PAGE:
LIBOR, the reference rate for determining interest on over $200 trillion of financings worldwide, terminates on December 31, 2021. How will interest be determined after that?
On July 12, 2019, the SEC Staff published a major and unusual joint statement on “LIBOR Transition.” The Divisions of Corporation Finance, Investment Management, and Trading and Markets, together with the Office of the Chief Accountant, issued a seven-page, single-spaced statement.
That statement notes:
The expected discontinuation of LIBOR could have a significant impact on the financial markets and may present a material risk for certain market participants, including public companies, investment advisers, investment companies and broker-dealers.
The SEC Staff then goes on to stress the importance of “… the work necessary to effect an orderly transition to an alternative reference rate…” [emphasis added]. The statement adds, “[t]he Commission does not endorse the use of any particular reference rates, noting that the Alternative Reference Rate Committee (“ARRC”) prefers the Standard Overnight Financing Rate (“SOFR”), but some market participants are also considering other U.S. dollar reference rates for certain instruments.” See my blog “Measure for Measure: LIBOR, SOFR, and the U.S. Dollar ICE Bank Yield Index.”
The SEC Statement does not directly address the impact of the end of LIBOR on other than U.S. capital markets, but the concerns raised by the Staff apply equally to non-U.S. public companies whose shares or American Depository Receipts are traded on U.S. equity markets. Moreover, the end of LIBOR has potential material consequences for public companies listed on exchanges in London, Paris, Frankfurt, Tokyo, Singapore, Hong Kong, and elsewhere.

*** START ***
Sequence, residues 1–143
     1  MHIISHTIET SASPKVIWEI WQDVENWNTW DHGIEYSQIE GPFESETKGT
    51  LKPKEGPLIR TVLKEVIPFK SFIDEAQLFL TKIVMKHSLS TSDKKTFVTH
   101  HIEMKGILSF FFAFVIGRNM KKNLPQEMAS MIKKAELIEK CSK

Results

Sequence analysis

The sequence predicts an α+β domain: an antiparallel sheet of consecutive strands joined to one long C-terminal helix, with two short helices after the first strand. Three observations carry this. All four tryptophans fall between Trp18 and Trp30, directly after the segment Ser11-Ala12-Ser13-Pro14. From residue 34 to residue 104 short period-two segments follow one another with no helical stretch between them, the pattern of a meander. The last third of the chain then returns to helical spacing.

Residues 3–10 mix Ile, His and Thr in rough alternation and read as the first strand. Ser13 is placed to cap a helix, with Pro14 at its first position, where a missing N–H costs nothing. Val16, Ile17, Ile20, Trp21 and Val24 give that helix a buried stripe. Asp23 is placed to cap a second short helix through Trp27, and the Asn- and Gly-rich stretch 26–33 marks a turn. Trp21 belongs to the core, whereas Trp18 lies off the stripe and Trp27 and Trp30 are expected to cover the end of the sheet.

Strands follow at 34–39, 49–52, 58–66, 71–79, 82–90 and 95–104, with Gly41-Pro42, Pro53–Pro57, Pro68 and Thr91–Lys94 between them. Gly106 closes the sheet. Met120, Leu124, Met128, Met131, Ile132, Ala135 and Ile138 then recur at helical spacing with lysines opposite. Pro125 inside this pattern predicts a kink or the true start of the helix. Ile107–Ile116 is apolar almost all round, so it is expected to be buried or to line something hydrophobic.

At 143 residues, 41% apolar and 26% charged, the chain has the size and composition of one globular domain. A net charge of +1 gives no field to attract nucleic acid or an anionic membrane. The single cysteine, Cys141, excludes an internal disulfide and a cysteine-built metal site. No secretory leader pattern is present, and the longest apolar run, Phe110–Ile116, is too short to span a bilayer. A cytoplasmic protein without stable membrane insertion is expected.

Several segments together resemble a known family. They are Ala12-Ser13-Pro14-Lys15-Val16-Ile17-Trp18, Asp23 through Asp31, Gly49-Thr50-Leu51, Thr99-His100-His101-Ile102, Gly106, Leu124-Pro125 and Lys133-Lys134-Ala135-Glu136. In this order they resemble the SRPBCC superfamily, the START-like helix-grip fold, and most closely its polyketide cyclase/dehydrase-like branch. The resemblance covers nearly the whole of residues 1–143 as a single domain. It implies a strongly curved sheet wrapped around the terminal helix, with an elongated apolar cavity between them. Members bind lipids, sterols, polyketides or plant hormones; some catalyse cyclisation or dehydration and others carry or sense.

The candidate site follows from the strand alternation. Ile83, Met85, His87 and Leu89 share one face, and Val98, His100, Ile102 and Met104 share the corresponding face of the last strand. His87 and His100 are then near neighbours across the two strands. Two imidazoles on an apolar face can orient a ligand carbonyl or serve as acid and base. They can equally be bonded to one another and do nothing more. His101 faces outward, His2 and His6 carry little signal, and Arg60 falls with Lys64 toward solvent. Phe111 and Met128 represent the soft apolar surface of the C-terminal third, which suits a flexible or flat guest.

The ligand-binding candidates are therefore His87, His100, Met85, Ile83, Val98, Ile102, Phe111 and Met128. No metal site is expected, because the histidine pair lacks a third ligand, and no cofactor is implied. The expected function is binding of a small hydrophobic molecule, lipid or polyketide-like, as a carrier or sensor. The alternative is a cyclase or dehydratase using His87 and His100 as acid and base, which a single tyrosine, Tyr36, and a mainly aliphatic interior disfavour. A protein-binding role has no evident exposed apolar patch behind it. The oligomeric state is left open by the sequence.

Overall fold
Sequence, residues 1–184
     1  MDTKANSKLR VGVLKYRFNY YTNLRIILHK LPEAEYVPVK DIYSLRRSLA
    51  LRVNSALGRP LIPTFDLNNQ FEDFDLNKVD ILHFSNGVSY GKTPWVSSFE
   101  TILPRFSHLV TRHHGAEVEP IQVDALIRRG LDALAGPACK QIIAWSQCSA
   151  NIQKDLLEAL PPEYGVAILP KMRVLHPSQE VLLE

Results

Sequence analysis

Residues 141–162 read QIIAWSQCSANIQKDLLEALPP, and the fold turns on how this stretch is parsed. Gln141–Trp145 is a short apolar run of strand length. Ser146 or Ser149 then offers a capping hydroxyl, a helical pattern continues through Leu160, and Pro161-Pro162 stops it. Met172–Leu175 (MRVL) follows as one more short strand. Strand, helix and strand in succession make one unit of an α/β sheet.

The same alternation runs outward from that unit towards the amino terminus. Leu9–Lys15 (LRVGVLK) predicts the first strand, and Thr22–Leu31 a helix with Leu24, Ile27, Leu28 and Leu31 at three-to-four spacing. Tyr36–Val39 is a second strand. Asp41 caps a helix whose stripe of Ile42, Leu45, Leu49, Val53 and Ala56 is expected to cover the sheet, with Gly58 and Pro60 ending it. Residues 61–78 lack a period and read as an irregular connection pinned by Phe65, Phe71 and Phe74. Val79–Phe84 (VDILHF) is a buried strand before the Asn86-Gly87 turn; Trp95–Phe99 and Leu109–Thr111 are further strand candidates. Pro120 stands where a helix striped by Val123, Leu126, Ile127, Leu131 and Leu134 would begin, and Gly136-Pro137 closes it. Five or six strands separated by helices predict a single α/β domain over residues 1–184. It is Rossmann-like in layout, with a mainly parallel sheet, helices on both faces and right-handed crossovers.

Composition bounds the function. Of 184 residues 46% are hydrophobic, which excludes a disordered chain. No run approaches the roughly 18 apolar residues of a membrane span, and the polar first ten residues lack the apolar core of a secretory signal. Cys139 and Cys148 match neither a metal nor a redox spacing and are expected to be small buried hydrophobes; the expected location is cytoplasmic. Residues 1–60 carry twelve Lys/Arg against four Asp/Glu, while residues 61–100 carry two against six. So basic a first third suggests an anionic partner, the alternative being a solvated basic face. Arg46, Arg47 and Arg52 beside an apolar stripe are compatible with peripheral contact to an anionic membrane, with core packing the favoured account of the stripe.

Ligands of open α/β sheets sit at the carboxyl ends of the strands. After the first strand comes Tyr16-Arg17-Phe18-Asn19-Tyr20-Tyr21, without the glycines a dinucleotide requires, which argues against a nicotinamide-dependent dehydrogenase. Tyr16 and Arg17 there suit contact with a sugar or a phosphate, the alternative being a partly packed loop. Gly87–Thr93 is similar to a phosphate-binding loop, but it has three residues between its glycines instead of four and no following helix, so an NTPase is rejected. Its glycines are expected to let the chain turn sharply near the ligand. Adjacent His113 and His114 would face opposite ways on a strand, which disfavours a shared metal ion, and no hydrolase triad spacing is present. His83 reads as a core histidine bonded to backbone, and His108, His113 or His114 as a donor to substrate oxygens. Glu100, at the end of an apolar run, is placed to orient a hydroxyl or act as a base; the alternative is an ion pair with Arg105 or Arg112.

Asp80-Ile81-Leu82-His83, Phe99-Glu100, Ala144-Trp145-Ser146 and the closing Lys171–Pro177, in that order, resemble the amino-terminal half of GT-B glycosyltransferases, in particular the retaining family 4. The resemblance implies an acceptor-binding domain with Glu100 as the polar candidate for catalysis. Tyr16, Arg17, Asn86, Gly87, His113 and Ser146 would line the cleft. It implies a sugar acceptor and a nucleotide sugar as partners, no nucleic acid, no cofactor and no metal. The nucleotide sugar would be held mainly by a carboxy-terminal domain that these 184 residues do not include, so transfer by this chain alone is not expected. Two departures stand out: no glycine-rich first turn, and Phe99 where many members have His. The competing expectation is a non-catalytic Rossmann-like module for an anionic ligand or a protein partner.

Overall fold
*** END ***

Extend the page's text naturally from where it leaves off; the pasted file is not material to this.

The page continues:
In addition, the transition from LIBOR in global capital markets may involve switching to a reference rate other than SOFR, which will add to the complexity of financial disclosures.
The Staff then identifies particular areas to which affected market participants should give attention:
After noting that parties to a contract may disagree about how to handle the discontinuance of LIBOR (noting as an example that a floating rate obligation might become a fixed-rate one), the Staff poses six questions:
All new contracts extending past 2021 should have an alternative reference rate built into them. The Staff notes the availability of fallback language recommended by ARRC that is intended to function when LIBOR ends. The Staff also draws attention to the ongoing industry effort led by the International Swaps and Derivatives Association to implement “robust fallback language for derivative contracts.” See also my blog “Oh How Will We Measure When the Ruler is Uncertain: More Observations on the LIBOR Saga.”
The Staff urges market participants to “identify, evaluate, and mitigate” other risks, such as those affecting strategy, products, processes, and information systems – noting as an example that participants should be certain that their information technology systems can deal with new instruments, reference ratio, conversions, and hedges.
So it may be safely said that the way in which things, especially financial things, are measured is material. Hence, the SEC calls those affected by the end of LIBOR to account.
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